Speaking at the Evangelical Alliance of Kenya National Convention 2022, held at Nairobi Baptist Church, Ruto called on the church to declare its political stand given that governance was a collective responsibility for all Kenyans.
He explained that the church had been tasked with providing the moral compass for masses and should use its influence to ensure that the right leaders are elected.
“The influence of the religious institutions is very important and they must have a stake in the Republic of Kenya. I am happy that it has begun to realise that they can no longer remain neutral. The church must take sides.
“Religion and education must be centralised in making sure that we are a country that has a moral compass. The church must step forward, they cannot continue to be in a neutral place. It has the opportunity to install a government instead of waiting for others to come and install it for you,” he added.
DP Ruto added that many a time, the church has issues with the government and how the state is run but shies away from sharing its opinion. He called on the religious leaders to get involved in forming the next government or suffer at the hands of poor leaders.
“The punishment of those who do not vote or who do not get involved in matters politics is to be ruled by the foolish,” he stated.
His remarks sparked an immediate interjection from his host, an evangelist, who clarified that the church was unbiased about national values and remains apolitical.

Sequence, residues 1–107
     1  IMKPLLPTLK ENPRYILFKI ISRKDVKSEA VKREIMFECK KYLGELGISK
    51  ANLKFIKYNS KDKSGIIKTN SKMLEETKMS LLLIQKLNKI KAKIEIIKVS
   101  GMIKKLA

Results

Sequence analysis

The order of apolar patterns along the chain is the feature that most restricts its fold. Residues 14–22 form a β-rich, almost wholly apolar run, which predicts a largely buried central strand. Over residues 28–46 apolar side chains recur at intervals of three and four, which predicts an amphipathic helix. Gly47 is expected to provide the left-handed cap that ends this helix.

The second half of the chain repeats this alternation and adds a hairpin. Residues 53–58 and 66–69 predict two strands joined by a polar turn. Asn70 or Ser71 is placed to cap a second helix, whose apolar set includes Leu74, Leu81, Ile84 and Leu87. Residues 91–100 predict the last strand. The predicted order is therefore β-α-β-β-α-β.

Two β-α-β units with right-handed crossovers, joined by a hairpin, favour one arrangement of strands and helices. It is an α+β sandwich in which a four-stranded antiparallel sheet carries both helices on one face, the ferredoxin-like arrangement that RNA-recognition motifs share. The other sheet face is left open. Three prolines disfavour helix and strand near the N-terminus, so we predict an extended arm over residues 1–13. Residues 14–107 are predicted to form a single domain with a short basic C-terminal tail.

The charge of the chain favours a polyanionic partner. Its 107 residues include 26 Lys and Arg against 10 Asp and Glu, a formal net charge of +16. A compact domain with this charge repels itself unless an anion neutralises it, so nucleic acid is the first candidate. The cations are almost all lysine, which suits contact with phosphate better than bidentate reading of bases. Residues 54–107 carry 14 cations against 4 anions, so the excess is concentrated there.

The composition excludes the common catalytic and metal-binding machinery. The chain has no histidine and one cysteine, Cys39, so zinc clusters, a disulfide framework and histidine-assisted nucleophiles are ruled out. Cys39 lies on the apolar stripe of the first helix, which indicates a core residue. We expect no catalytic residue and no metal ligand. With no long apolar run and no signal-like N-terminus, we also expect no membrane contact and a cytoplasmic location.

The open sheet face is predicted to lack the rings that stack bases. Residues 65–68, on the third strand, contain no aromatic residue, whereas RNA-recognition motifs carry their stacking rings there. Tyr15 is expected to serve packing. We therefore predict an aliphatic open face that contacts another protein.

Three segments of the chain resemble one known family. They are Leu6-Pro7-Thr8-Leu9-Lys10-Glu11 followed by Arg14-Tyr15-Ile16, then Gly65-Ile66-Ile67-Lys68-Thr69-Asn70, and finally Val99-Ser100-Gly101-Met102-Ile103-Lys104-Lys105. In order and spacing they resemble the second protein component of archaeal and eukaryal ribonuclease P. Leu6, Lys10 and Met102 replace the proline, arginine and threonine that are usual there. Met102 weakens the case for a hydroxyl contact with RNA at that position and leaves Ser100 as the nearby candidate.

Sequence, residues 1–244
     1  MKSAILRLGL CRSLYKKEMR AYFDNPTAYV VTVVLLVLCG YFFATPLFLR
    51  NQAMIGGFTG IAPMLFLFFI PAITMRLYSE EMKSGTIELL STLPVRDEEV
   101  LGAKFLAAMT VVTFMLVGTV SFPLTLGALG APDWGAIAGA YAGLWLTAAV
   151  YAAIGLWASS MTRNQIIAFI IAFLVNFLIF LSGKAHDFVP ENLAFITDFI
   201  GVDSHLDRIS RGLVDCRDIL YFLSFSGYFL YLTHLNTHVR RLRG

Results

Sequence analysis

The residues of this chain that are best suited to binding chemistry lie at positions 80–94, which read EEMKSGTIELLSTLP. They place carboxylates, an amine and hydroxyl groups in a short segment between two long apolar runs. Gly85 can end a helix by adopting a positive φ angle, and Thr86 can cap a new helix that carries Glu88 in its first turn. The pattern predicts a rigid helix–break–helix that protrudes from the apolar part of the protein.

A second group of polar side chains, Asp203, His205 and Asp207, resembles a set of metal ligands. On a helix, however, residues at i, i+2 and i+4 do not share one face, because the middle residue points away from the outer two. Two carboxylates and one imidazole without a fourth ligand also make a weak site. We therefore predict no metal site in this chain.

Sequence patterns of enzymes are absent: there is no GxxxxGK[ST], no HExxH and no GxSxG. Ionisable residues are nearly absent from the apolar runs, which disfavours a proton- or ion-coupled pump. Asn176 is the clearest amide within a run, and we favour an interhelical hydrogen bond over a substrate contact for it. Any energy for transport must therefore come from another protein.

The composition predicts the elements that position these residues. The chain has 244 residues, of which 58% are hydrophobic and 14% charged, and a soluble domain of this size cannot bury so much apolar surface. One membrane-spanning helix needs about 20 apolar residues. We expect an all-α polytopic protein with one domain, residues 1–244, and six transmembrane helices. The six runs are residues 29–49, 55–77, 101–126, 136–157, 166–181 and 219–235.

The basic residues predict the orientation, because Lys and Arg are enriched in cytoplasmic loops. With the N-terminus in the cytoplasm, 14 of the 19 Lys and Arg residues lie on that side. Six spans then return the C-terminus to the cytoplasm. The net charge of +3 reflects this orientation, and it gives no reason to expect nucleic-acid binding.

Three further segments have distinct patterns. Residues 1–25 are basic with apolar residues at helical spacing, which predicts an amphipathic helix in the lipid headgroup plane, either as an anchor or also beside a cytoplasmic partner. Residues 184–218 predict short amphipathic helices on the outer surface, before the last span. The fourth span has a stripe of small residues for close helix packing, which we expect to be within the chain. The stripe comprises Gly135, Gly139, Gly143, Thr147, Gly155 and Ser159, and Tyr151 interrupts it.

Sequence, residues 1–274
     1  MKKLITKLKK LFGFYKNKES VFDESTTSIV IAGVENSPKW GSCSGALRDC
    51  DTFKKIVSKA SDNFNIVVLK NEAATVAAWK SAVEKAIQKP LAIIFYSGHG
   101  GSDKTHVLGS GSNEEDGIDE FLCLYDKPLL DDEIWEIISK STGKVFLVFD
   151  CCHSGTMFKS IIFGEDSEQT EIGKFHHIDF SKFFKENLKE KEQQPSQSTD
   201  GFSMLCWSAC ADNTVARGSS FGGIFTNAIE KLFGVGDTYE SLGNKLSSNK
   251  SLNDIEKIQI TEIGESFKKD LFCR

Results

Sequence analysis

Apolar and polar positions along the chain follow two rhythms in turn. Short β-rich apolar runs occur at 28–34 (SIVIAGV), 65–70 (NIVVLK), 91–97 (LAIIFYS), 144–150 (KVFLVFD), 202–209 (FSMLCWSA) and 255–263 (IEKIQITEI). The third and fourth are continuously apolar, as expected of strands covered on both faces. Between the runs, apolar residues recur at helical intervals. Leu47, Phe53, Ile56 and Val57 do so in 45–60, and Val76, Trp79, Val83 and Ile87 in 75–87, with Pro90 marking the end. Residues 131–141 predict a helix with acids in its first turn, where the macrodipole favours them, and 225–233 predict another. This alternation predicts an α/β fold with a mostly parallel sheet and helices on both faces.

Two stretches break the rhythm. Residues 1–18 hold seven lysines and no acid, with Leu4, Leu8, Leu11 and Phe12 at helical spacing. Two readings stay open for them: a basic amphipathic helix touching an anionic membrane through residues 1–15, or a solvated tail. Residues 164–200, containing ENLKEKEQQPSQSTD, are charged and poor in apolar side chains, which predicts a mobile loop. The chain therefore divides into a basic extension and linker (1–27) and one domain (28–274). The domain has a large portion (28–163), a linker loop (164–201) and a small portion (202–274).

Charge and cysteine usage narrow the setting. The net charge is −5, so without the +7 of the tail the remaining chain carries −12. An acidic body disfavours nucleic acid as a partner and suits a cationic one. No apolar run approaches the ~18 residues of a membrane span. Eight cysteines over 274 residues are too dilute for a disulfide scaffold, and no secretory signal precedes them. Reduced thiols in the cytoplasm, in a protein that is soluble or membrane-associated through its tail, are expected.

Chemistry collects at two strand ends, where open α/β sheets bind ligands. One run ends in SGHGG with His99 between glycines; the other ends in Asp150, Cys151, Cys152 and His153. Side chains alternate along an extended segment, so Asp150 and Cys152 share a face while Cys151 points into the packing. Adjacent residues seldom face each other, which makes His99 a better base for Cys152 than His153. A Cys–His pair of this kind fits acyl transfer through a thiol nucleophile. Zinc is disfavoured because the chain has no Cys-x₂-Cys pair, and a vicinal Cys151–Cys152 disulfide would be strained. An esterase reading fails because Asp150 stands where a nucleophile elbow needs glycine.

“One thing I can assure you is that the church is not neutral on values but on candidates, that I can say without fear of contradiction,” the interviewer jumped in.
The United Democratic Alliance (UDA) presidential hopeful recounted how much he had been persecuted for taking sides and maintaining his ground on his beliefs citing his opponents poking holes into his generous donations to churches.
Ruto added that his fellow evangelists then strongly discouraged him from joining politics, opining that it was a reserve for those who did not believe in God. They even laid their hands on him – he added.
“The first time I thought of being a politician, my evangelistic team wanted to lay hands on me. People believe in the narrative that politics is a dirty game, but the bible says God chooses leaders. It cannot be that God is involved in dirty stuff,” he posed.
The church, which tends to shun active politics, has previously taken a firm position on matters of national interest, such as the Building Bridges Initiative (BBI), which was later declared unconstitutional by the Supreme Court.
Azimio la Umoja – One Kenya presidential aspirant Raila Odinga has in the recent past asked religious leaders to keep off politics.
The Church has remained a crucial voice in Kenyan politics. During the clamour for multi-partism in the 1990s, clergymen were on the forefront, challenging the late President Daniel Moi’s leadership.
Notable names at the time included Reverend Timothy Njoya who still bears the scars of that struggle, the late Archbishop Ndingi Mwana Nzeki of the Catholic Church and the late Archbishop David Gitari of the Anglican Church.
The modern church has been accused of being lukewarm and remaining silent in keeping the government in check.